Austin, TX 78712, United States
Shirazi attended the University of Texas at Austin from 1971 to 1974.
Manhattan, KS 66506, United States
In 1976 Faegheh got a Master of Arts from Kansas State University.
4800 Calhoun Rd, Houston, TX 77004, United States
Shirazi received a Bachelor of Arts in 1975 from the University of Houston.
281 W Lane Ave, Columbus, OH 43210, United States
Faegheh got a Doctor of Philosophy in 1985 from Ohio State University.
Photo of Faegheh Shirazi
Photo of Faegheh Shirazi
Photo of Faegheh Shirazi
(This provocative book demonstrates that the veil, the gar...)
This provocative book demonstrates that the veil, the garment known in Islamic cultures as the hijab, holds within its folds a semantic versatility that goes far beyond current cliches and homogenous representations. Whether seen as erotic or romantic, a symbol of oppression or a sign of piety, modesty, or purity, the veil carries thousands of years of religious, sexual, social, and political significance.
(There are numerous conflicts ensuing in the Middle East, ...)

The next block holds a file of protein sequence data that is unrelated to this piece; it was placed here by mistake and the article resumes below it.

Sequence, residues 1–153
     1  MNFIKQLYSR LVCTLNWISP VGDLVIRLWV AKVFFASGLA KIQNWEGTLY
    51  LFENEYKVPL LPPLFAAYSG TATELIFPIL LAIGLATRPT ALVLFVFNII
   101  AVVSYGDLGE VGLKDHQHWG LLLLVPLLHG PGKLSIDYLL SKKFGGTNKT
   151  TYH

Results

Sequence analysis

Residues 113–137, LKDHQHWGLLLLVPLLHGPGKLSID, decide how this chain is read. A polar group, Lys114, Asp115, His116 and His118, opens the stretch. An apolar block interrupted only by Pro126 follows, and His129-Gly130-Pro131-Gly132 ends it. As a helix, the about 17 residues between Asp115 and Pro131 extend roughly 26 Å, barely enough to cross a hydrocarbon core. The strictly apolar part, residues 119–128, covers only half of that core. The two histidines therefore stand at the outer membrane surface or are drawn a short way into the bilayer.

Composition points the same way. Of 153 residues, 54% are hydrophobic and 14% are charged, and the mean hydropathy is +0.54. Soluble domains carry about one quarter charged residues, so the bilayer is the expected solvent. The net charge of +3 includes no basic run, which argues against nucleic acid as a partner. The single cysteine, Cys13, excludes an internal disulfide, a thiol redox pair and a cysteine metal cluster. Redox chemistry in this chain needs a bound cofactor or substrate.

There are numerous conflicts ensuing in the Middle East, but not all are being fought with rockets and rifles. While the Internet has proven invaluable to those who wish to uphold a patriarchal society and spread the message of Islamic fundamentalism, Muslim women have used the Web to build a transnational community intent on growing women’s rights in the Middle East. There is a large disparity between a Muslim woman's role according to the Qur'an and her role as some corners of Muslim society have interpreted it. In Velvet Jihad Faegheh Shirazi reveals the creative strategies Muslim women have adopted to quietly fight against those who would limit their growing rights. Shirazi examines issues that are important to all women, from routine matters such as daily hygiene and clothing to controversial subjects like abortion, birth control, and virginity. As a woman with linguistic expertise and extensive life experience in both Western and Middle Eastern cultures, she is uniquely positioned as an objective observer and reporter of changes and challenges facing Muslim women globally.